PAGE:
Posted on Minxeats.com.

Friday, June 01, 2018

Flashback Friday - Sichuanese Cookery

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This post originally appeared on Minxeats.com on July 22 2009.
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Mr Minx and I went to H Mart last week to pick up some needed staples: Kewpie mayo; dark soy; noodles; Mexican chorizo. I also wanted to pick up some chile bean sauce to use in Sichuan cookery. You see, after reading Fuchsia Dunlop's excellent Shark's Fin and Sichuan Pepper, I bought her Sichuan cookbook, Land of Plenty.

The first thing I attempted was "ants climbing a tree," or, vermicelli noodles with ground pork.

I had eaten an excellent version at Grace Garden and wanted to recreate it. Unfortunately, this recipe didn't do the trick. My noodles were spicy and salty and that's about it - missing any nuance of flavors found in Chef Li's version. I kinda had an idea that would be the case, so I also cooked up a stir fry of scallops, langoustine tails (advertised as such at Trader Joe's but they sure taste like crawfish to me), oyster mushrooms, and gai lan (Chinese broccoli) in black bean sauce to go with. I love how gai lan is both bitter and sweet at the same time.

Next time I have a hankering for ants climbing a tree, I'll try this recipe. Or this one.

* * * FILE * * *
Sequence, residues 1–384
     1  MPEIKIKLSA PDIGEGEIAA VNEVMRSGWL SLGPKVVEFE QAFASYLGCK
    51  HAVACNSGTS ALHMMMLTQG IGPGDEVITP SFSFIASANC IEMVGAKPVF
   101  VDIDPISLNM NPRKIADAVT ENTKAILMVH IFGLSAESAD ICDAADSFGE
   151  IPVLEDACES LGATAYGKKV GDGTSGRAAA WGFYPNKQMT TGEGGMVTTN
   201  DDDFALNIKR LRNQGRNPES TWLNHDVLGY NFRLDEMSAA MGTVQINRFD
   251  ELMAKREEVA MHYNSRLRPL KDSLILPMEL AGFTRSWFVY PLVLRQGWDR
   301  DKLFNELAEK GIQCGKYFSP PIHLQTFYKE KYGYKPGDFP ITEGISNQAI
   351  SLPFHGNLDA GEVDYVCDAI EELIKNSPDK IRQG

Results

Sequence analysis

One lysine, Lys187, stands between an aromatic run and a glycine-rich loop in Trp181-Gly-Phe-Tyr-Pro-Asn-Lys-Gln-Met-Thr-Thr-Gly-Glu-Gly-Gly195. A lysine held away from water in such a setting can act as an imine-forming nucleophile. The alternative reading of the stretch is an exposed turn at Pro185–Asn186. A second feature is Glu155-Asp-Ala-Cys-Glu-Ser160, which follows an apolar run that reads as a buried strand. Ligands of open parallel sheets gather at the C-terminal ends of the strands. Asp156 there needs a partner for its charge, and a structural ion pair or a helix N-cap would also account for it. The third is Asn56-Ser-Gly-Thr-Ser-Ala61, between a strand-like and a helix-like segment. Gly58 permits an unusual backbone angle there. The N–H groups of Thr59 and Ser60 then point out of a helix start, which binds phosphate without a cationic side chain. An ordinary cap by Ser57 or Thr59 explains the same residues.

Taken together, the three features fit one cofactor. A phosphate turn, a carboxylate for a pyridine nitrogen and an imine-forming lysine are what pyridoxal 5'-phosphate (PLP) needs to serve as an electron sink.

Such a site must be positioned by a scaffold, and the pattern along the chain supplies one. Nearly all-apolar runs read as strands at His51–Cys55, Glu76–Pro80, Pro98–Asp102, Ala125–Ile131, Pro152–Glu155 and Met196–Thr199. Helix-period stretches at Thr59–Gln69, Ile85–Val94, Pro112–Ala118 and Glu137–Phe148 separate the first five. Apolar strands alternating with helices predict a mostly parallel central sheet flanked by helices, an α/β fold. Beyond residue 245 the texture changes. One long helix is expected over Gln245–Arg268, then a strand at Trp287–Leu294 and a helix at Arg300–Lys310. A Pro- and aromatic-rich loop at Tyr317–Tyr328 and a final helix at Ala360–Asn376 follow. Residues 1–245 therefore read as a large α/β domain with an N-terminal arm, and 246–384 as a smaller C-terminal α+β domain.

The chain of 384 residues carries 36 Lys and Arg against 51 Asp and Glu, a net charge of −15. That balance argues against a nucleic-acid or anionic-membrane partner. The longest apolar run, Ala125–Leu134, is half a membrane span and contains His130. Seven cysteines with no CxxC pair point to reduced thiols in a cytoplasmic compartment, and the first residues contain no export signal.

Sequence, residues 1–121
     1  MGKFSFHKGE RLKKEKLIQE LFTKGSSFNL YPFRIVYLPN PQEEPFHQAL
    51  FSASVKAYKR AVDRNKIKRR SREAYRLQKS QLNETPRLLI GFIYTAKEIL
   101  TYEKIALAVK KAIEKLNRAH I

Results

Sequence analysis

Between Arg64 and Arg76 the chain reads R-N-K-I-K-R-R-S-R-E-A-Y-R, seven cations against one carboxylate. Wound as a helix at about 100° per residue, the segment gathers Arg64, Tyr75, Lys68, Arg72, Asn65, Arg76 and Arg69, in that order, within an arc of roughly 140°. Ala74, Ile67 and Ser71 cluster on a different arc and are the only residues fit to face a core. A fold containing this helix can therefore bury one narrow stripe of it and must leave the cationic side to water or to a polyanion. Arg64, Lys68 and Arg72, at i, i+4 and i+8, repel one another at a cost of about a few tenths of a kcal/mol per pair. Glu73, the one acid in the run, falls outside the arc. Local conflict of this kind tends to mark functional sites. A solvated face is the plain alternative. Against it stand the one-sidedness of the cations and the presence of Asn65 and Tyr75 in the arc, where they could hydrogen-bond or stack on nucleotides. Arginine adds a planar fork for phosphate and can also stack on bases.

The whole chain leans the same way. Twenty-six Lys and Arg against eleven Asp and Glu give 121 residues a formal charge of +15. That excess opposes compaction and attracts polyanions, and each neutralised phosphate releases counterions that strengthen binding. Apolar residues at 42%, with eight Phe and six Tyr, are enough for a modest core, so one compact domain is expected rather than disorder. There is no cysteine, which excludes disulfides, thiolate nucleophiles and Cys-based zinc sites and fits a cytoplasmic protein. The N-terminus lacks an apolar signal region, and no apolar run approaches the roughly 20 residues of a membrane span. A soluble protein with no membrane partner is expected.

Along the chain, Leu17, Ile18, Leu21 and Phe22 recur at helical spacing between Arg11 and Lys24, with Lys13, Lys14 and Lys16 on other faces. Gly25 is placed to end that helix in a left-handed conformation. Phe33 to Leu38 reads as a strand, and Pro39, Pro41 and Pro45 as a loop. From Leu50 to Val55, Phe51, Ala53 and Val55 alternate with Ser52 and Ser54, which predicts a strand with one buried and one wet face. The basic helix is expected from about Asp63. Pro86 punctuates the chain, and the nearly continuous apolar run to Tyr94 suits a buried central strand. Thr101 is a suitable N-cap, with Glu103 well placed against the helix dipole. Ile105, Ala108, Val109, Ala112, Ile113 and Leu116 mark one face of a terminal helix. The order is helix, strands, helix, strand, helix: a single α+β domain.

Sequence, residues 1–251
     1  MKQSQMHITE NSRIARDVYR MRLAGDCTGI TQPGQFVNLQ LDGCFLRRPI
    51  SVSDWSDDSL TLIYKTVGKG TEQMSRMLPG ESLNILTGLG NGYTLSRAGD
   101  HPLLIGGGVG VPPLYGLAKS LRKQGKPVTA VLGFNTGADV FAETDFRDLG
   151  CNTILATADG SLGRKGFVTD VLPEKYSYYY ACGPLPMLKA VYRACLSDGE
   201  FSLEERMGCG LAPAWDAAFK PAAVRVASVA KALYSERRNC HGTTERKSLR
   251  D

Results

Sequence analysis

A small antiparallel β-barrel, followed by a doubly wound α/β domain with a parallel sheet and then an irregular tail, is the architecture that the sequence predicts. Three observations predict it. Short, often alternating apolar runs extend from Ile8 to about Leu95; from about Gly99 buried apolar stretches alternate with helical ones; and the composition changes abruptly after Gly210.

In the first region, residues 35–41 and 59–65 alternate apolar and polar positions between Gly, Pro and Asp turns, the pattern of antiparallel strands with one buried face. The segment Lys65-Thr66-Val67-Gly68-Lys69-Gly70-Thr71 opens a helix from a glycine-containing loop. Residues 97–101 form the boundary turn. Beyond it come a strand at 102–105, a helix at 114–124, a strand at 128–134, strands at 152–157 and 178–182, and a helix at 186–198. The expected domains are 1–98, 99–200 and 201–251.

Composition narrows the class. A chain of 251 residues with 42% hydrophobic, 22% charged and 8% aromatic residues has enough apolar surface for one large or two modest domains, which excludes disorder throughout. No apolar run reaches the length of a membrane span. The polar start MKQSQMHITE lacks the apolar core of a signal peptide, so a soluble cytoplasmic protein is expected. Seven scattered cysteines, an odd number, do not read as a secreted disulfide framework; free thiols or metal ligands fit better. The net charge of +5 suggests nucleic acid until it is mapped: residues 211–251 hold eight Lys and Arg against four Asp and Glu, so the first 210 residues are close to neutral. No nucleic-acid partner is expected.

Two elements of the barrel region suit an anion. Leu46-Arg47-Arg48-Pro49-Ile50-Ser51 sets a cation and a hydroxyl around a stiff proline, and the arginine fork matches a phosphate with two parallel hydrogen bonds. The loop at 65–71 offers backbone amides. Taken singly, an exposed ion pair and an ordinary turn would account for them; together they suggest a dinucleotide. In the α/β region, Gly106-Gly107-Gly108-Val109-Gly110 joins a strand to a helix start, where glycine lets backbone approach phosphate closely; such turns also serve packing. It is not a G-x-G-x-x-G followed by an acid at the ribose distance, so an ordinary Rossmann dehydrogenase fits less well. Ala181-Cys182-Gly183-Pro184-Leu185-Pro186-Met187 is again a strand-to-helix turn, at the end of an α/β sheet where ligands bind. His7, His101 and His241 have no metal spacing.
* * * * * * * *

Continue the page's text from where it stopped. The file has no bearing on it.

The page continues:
The second recipe I chose from Land of Plenty was for a family favorite, kung pao chicken. It was scrumptious, and my house now smells like a Chinese restaurant - sweet, meat, and garlic. I didn't use the "generous handful of dried red chiles" called for because 1) I didn't have them; 2) I like spicy food but I didn't want to hurt myself; I used cayenne instead. I'll definitely make this one again, maybe with shrimp next time.

Kung Pao Chicken (adapted from Land of Plenty by Fuchsia Dunlop)

4 chicken thighs, boned and skinned, cut into small cubes
2 large cloves of garlic, minced, and an equivalent amount of fresh ginger, cut into thin slices
5 scallions, chopped, white and green parts separated
2/3 cup roasted unsalted peanuts
cayenne to taste
Sichuan peppercorns

for marinade
1/2 t salt
2 t light soy sauce
1 t Shaoxing rice wine or medium-dry sherry
2 1/4 t cornstarch
1 T water

for sauce
3 t sugar
1 1/8 t cornstarch
1 t dark soy sauce
1 t light soy sauce
3 t Chinkiang or black Chinese vinegar
1 t sesame oil
1 T water

1. Place chicken in a bowl with marinade ingredients, set aside.
2. Combine sauce ingredients in small bowl. Add minced ginger. Set aside.
3. Heat a large skillet and add 2 tablespoons of cooking oil. When hot but not smoking, add chicken and after chicken cubes have separated, add ginger and white part of scallions. Stir fry until the meat is cooked through. Season with cayenne and, if you have it, ground Sichuan pepper.
4. Stir the sauce and pour into the pan, continuing to stir the meat. When the sauce is thick and glossy, stir in the peanuts and remove from heat.
5. Garnish with scallion greens and serve with rice.

Serves 2 - 4, depending on appetite and side dishes.

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Posted on Minxeats.com.